It’s everywhere in the news this week, the consumer group Which? reported that smart devices are asking consumers for personal data, and consumers are giving it up. From there, the manufacturer can use that data shared by their device as stated in the device’s use policies that you read. Right?
This can be data like where you live, your birthdate, TV viewing habits on a smart TV, and more. Smart cameras and doorbells were found to send videos back to the manufacturers, allowing those manufacturers to share those videos with the police. Smart speakers were found to send recordings to the manufacturer. Basically, any data that these devices touch should be considered suspect of being sent back to the manufacturer. From there, the manufacturer may use that data for things as innocuous as fixing issues in the device’s software. Or the manufacturer can use that data to target you with ads to buy more of their devices, or things you saw on TV or mentioned. It’s really up to the manufacturer and their ethics.
Since virtually no one reads these policies, most consumers aren’t aware of this. However, it’s not new news. Smart devices and manufacturers have been doing this since before smart devices even existed. Facebook’s Pixel and Google Ads tracked you everywhere for your data. Is it any wonder that makers of physical devices are getting in on the game now?
How to fix this?
There are a couple of things in the works to address this data issue. I’ll go over them below.
Connectivity Standards Alliance Data Privacy Working Group
The Connectivity Standards Alliance ( CSA ) is the group that brought us the Matter standard, for making communication between all of our smart devices standardized and more secure. The CSA announced earlier this year that they are working on a specification and certification program for manufacturers to disclose what data is being collected, how it is used, and if it complies with best practice for handling user information. For instance, user data should be anonymized so you can’t tell who it came from in the first place and you should only store the bare minimum amount of data that you need – not someone’s birthdate to use a washing machine.
There are a couple of issues with this that I see. First, this new standard would be optional for manufacturers. There would be no obligation to actually comply with the standard. For instance, the Matter standard isn’t something that device makers have to use or include. However, since most of the main smart home controllers use it ( Google Home, Amazon Alexa, Apple HomeKit ) it makes it easier for those vendors to integrate with those controllers, and integration makes their devices more appealing to consumers. For this new privacy standard, there is no direct benefit to the manufacturer. There are requirements and obligations, and a reduction in the amount of data that they can collect. So I am concerned that there won’t be a large adoption of the new privacy standard unless the big names in smart home controllers enforce it’s use.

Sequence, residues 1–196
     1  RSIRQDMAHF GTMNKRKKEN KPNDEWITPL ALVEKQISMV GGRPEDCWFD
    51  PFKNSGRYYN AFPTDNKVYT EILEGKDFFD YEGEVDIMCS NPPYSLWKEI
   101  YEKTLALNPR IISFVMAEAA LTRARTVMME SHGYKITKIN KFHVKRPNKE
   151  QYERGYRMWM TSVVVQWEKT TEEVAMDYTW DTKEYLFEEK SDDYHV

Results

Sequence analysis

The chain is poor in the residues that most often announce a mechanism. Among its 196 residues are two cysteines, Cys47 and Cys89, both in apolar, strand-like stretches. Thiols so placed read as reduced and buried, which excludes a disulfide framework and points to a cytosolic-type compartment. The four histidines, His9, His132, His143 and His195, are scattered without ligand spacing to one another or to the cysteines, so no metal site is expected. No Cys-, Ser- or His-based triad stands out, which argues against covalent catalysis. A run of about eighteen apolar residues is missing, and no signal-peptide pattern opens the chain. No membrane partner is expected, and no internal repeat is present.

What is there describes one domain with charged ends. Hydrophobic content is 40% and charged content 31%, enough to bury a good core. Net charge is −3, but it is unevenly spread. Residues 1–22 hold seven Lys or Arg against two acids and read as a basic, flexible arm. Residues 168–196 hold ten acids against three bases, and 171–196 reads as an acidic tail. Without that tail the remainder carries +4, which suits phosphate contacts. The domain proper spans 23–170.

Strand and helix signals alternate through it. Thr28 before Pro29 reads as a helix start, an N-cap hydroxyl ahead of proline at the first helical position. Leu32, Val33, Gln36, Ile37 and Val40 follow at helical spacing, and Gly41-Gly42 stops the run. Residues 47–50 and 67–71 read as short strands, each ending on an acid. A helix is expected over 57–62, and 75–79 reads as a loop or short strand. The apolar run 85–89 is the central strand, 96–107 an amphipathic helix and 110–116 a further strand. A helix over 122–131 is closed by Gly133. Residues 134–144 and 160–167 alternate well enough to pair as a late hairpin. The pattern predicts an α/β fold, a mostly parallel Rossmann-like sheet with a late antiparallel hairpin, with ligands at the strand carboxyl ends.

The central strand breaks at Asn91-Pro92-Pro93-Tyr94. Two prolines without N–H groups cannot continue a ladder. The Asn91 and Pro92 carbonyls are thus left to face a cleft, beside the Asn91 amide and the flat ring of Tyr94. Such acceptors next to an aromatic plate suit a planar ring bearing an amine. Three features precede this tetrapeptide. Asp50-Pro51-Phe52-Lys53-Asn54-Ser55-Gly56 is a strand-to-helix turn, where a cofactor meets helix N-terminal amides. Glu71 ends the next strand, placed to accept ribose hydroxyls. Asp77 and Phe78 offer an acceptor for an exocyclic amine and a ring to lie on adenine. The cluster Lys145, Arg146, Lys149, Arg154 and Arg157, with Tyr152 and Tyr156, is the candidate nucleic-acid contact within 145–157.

The next issue that I see is that this new standard only makes it so that companies have to be transparent about the data they collect and have to use and store it responsibly. This won’t stop a TV from sending your viewing history home – it’ll just make it so that you’re more aware that it’s doing it. So this doesn’t actually stop the sharing of personal data from smart devices. Just makes it a bit more transparent and makes your data a bit safer.
Go Local with your Smart Home
A more technically complex but safer approach is to take your smart home purely local. As I said, this is more technically complex. It requires using something like Home Assistant as your smart home controller and making sure all of your devices only communicate locally. This can be as easy as sticking with a local only communication standard like Zigbee or Z-wave. Or it may involve more technically complex things like blocking web traffic out by subnet / IP / destination.
This really is the safer route – taking your data privacy into your own hands and making sure that your devices are not sending data home by not allowing them that functionality. But you do lose things from this. You wouldn’t be able to control your devices remotely without going through your local smart home controller. If your smart home controller isn’t exposed to the internet, then you won’t be able to control them whenever you are away from home. Also, if you restrict yourself to just Zigbee or Z-wave devices, then you miss out on many great Wi-fi based devices. Finally, managing and maintaining the traffic block rules can be complex, technically challenging, and something that needs to be updated regularly. It’s really just a hassle.
So, while devices sending your private data home to their manufacturers for them to use is not actually new news, it is something that should stay in the news. Without people paying attention to it and calling it out as the bad practice that it is, nothing will be done about it and nothing should change.
And it really should change.